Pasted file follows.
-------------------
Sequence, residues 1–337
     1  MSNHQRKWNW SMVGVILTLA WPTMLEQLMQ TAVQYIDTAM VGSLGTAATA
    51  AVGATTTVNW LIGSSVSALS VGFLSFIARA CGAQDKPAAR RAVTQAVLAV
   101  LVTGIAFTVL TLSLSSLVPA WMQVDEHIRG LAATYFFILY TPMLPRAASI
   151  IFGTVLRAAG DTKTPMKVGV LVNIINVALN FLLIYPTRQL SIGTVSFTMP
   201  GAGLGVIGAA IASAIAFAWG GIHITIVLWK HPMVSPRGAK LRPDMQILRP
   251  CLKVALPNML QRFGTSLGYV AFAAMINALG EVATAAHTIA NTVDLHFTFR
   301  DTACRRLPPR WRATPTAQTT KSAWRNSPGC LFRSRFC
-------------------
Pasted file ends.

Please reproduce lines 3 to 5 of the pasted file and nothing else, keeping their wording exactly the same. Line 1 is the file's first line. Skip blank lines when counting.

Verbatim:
    51  AVGATTTVNW LIGSSVSALS VGFLSFIARA CGAQDKPAAR RAVTQAVLAV
   101  LVTGIAFTVL TLSLSSLVPA WMQVDEHIRG LAATYFFILY TPMLPRAASI
   151  IFGTVLRAAG DTKTPMKVGV LVNIINVALN FLLIYPTRQL SIGTVSFTMP